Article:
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watercolour tattoos

2017 Edit: The Update on the Big Watercolour Tattoo Debate A few years have gone by since our post about watercolour tattoos, so we’re back with an update about developments in the watercolour tattoo trend. Since our original post, debate has raged on between critics and supporters of watercolour tattooing, with detractors claiming the style is just a fad and should not be encouraged because it ages poorly. The truth is that with time the ink of any tattoo can begin to dissipate. Ink particles spread out, so lines become less sharp and the tattoo may begin to appear muddy. Since the watercolour tattoo trend has really only taken off in the last 5 years, it has been difficult to find tattoos in the style which have aged at all – good or bad. Renowned watercolour-tattoo-artist Joel Wright contends on his blog that just because a tattoo may fade does not mean that it will, and other people’s speculations about the matter shouldn’t keep people from getting the type of tattoo they want. The fact remains that any tattoo may fade and become less sharp over time – that’s the nature of the artform. The extent to which a tattoo dissipates or becomes muddy with time depends on a number of factors:
  • The age of the person getting the tattoo.
  • How healthy the skin getting tattooed is.
  • The type of ink used.
  • The skill of the tattoo artist.
  • How well tattoo aftercare instructions were followed.
  • Preparations taken for getting the tattoo.
  • Exposure to sun.
  • The tattoo design.
Aside from what you can do to improve the longevity of your tattoo at the time you get it, getting a touch-up is always an option for improving its appearance in the future. People choose to get touch-ups for tattoos of all styles – from traditional style to watercolour. A tattoo touch-up involves adding ink to parts which have become muddy or don’t look as sharp anymore. There’s no definite amount of time after which every tattoo needs a touch up – some will need it sooner than others. The right time to get a touch-up is whenever you think it’s time.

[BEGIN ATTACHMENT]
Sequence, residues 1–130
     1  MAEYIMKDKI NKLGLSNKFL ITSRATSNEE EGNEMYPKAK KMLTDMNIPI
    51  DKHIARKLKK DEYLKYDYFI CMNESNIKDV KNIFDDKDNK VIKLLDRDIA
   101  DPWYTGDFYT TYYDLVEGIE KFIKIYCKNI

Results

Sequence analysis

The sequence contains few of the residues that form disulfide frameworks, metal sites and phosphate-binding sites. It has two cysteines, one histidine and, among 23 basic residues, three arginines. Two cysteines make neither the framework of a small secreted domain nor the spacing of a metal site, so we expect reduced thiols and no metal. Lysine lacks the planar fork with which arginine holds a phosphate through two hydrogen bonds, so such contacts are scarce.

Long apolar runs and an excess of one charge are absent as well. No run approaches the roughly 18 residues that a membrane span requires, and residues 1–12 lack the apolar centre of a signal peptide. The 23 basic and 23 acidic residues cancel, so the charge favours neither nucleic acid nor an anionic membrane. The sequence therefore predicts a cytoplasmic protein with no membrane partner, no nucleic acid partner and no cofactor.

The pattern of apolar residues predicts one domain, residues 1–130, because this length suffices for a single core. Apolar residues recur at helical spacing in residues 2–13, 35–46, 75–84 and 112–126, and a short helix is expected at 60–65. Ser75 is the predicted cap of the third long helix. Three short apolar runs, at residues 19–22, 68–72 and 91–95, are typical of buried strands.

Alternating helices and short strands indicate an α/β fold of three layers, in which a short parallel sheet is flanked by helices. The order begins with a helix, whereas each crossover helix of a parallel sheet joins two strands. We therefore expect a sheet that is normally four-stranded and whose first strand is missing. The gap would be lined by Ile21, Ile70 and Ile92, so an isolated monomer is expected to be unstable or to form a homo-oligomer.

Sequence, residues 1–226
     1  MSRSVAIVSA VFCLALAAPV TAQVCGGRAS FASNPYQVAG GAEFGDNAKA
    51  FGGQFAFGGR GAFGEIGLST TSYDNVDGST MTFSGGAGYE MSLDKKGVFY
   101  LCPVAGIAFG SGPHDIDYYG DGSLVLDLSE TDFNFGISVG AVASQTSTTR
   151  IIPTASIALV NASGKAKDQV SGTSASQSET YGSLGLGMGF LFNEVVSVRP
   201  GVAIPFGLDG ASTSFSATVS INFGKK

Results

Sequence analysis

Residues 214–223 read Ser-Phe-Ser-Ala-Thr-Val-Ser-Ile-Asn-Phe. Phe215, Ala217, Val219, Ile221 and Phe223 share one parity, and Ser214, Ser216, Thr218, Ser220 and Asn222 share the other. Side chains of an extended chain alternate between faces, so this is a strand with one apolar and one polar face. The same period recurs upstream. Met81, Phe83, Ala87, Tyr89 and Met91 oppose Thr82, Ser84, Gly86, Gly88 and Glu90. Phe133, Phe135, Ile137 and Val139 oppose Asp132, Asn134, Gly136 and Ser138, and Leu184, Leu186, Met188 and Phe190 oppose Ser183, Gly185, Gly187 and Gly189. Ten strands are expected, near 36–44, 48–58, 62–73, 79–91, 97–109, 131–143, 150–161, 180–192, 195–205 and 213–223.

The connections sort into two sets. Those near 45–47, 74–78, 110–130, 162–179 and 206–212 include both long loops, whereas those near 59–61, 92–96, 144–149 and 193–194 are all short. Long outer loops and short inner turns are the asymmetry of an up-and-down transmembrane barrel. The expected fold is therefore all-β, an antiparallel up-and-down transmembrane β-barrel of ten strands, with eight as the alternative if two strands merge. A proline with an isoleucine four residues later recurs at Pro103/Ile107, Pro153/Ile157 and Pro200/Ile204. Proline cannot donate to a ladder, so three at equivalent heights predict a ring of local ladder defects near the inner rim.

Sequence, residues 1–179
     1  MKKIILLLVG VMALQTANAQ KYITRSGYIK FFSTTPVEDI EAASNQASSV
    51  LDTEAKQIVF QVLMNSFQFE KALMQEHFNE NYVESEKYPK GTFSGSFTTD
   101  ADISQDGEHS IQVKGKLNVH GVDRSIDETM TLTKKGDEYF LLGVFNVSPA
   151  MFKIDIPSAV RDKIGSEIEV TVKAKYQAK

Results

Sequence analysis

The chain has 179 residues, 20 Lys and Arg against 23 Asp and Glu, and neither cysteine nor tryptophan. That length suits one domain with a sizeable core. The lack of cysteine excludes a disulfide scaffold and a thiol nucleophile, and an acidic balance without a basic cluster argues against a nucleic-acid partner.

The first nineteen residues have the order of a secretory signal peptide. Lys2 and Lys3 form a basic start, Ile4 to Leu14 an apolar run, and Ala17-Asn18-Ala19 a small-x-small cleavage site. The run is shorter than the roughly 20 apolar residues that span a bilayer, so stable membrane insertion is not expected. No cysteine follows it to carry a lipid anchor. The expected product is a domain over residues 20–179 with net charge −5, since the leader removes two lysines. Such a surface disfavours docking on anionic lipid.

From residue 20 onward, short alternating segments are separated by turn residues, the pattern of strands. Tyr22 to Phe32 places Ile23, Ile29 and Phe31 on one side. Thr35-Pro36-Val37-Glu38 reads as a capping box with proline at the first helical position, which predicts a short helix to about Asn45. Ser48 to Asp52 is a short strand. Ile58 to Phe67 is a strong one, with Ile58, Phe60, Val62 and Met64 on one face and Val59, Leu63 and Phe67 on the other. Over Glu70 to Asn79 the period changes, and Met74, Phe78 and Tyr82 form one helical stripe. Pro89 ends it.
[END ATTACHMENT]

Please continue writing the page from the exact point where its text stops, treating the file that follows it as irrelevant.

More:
Watercolour Tattoos That Last A Lifetime

While it’s true that tattoos with less definition and fewer bold, straight lines may fade faster than tattoos of more traditional styles, they don’t have to. If you wish to increase the likelihood that your tattoo stays defined for a long time, you can get a watercolour tattoo with a strongly-defined black base. Artist Deanna Wardin argues as much in a blog post about watercolour tattoos and how they age. You can influence how well the tattoo stands the test of time by picking a design which is more likely to stay defined. A tattoo with dark, bold outlines and watercolour-style details create a highly unique aesthetic. The contrast between the bold dark lines and the watercolour style can combine to create some one-of-a-kind ink. What’s more, the watercolour component can actually start to look better as it fades in one of these hybrid tattoos, since the tattoo won’t lose its definition thanks to the dark outline. The watercolour parts may begin to look more like watercolour the longer the tattoo is part of you. Although there is no consensus about watercolour tattoos in the community, we don’t need consensus to produce great art. The watercolour style is here to stay.